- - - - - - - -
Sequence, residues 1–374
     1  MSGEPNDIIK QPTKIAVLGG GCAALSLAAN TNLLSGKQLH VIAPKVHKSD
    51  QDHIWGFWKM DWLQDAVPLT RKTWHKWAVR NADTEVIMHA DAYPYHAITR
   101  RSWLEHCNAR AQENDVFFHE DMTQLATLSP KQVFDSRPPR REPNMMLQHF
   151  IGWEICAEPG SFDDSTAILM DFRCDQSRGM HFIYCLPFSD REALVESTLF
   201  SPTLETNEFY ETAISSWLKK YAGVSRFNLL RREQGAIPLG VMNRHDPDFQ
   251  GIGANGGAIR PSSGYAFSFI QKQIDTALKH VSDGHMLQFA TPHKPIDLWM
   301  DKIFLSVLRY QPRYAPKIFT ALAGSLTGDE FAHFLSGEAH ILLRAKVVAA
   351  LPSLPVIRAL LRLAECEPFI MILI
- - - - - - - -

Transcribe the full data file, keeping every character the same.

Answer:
Sequence, residues 1–374
     1  MSGEPNDIIK QPTKIAVLGG GCAALSLAAN TNLLSGKQLH VIAPKVHKSD
    51  QDHIWGFWKM DWLQDAVPLT RKTWHKWAVR NADTEVIMHA DAYPYHAITR
   101  RSWLEHCNAR AQENDVFFHE DMTQLATLSP KQVFDSRPPR REPNMMLQHF
   151  IGWEICAEPG SFDDSTAILM DFRCDQSRGM HFIYCLPFSD REALVESTLF
   201  SPTLETNEFY ETAISSWLKK YAGVSRFNLL RREQGAIPLG VMNRHDPDFQ
   251  GIGANGGAIR PSSGYAFSFI QKQIDTALKH VSDGHMLQFA TPHKPIDLWM
   301  DKIFLSVLRY QPRYAPKIFT ALAGSLTGDE FAHFLSGEAH ILLRAKVVAA
   351  LPSLPVIRAL LRLAECEPFI MILI